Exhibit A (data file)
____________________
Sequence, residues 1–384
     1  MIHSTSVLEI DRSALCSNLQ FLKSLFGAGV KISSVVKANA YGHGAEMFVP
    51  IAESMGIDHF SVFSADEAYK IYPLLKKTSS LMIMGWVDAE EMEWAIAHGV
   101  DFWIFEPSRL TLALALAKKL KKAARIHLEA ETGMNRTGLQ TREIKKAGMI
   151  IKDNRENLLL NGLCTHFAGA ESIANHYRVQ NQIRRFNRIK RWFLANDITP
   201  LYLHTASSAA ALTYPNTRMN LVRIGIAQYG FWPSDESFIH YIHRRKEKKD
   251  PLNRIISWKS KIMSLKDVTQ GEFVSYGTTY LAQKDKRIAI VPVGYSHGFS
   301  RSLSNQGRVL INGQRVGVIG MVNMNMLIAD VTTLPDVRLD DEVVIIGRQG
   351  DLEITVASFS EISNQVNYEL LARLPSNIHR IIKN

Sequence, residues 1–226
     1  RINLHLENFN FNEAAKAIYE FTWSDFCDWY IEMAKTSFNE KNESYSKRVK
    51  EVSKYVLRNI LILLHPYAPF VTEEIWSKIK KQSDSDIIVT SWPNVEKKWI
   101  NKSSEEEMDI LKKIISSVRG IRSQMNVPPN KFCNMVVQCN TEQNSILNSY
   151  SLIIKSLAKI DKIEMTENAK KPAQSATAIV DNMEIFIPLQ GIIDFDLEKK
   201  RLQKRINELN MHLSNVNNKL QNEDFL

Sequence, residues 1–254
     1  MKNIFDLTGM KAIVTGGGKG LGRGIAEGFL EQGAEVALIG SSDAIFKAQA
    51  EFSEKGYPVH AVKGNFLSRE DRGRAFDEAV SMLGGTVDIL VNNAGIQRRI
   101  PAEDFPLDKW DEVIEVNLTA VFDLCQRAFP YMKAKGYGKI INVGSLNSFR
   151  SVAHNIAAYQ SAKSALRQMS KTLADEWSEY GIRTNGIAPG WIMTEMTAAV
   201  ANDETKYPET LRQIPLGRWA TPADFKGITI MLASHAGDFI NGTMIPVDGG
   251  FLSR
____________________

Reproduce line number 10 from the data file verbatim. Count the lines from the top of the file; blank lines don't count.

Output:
Sequence, residues 1–226